Federal Education Policy and the States, 1945-2009
The George W. Bush Years: NCLB - Adequate Yearly Progress
NCLB requires states to calculate AYP for whole districts. An unspecified corrective action plan is prescribed for those districts that do not make AYP for two consecutive years.
Given that any school or district can fail to make its AYP goals because of the performance of one subgroup, these sanctions had a widespread impact within three years after enactment. Many schools have been required to allow students to transfer. However, as this requirement is limited to within-district transfers, the options for many students have in reality been constrained. Often other schools in the district have received similar sanctions and, therefore, are not able to accept transfers; those schools that are sanction-free frequently do not have empty seats available for transfers from failing schools.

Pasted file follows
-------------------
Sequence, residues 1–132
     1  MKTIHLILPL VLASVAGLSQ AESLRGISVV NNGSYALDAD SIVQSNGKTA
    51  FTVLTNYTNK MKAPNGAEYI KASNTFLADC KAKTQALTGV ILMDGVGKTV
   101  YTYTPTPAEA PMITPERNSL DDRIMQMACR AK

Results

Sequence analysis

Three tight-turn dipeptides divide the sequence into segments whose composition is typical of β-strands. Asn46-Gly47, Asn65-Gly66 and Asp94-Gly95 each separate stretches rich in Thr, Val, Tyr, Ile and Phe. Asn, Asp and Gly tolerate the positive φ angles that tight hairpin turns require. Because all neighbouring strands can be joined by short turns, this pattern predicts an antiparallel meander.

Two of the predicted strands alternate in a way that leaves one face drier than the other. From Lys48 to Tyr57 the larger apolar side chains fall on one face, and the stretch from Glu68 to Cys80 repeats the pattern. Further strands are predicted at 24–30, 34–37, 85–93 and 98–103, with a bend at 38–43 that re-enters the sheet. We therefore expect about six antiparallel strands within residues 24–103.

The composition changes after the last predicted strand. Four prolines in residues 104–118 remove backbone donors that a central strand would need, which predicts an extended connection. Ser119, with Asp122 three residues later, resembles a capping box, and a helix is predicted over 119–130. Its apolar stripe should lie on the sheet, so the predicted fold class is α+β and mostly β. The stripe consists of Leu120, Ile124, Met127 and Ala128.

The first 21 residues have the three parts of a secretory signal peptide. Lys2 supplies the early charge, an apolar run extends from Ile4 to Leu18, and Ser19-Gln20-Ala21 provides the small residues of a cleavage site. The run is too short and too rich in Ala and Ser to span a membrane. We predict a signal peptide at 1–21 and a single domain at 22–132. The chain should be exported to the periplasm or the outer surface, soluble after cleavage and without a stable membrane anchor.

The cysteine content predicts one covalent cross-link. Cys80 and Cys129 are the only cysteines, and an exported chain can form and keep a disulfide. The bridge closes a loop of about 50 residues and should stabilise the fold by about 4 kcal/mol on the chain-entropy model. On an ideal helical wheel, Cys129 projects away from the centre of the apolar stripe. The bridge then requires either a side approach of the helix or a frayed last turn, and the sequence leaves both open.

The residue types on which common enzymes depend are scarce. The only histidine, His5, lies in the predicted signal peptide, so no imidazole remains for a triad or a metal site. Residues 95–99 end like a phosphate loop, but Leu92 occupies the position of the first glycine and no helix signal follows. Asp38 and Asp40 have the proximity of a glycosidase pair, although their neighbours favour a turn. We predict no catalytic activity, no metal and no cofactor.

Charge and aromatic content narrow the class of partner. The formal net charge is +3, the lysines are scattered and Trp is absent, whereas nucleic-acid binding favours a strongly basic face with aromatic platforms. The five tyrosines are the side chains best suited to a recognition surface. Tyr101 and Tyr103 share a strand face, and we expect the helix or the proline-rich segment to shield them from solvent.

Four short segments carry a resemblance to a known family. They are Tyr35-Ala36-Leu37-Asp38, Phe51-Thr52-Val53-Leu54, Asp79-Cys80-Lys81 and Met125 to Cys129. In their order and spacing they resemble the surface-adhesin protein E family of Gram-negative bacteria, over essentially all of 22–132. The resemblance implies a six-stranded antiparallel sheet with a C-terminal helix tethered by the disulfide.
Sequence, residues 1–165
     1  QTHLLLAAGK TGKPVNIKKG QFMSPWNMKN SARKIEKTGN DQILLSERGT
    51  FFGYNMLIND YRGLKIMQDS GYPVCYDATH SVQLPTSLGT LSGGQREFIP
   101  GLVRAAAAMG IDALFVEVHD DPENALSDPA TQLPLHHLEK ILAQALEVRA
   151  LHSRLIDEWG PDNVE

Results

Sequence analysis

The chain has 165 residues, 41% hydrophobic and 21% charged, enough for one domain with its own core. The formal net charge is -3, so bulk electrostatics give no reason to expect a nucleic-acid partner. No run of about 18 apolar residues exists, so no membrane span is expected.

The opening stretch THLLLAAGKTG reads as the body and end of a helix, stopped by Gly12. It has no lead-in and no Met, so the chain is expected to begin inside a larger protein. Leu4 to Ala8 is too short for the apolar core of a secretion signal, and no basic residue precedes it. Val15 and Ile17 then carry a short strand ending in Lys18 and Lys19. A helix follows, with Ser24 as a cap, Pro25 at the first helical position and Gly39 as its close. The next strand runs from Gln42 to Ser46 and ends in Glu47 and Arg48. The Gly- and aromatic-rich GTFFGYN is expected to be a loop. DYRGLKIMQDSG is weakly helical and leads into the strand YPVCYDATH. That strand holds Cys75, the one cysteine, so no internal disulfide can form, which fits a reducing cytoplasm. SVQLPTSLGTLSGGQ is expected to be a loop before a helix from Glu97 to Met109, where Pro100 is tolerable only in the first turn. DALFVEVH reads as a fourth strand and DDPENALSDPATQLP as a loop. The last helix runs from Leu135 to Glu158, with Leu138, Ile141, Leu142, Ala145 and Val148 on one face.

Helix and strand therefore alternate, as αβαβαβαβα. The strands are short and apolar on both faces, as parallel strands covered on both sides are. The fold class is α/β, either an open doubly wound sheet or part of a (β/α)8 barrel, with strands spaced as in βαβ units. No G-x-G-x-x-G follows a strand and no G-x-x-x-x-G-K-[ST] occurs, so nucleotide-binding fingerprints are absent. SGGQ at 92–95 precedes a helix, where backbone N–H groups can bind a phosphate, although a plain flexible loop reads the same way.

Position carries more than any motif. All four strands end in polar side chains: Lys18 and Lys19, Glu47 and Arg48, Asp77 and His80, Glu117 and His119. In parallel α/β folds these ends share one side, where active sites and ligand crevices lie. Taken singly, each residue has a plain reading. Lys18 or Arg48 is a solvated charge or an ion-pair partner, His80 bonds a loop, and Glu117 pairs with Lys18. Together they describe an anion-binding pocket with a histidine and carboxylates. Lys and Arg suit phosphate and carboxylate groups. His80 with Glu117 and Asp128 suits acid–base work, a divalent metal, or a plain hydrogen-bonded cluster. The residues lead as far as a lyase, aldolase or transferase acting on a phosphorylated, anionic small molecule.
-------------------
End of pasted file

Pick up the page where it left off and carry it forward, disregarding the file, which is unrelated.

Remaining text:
When coupled with one of the law's best-known requirements-that all states test all students in grades three through eight annually in reading, mathematics, and science as the basis for measuring "adequate yearly progress"-these AYP provisions are at the source of the controversy about the implementation of NCLB, which has grown significantly since its enactment. In contrast, by 2005 many other provisions of the act were being implemented without controversy as continuations of established ESEA programs.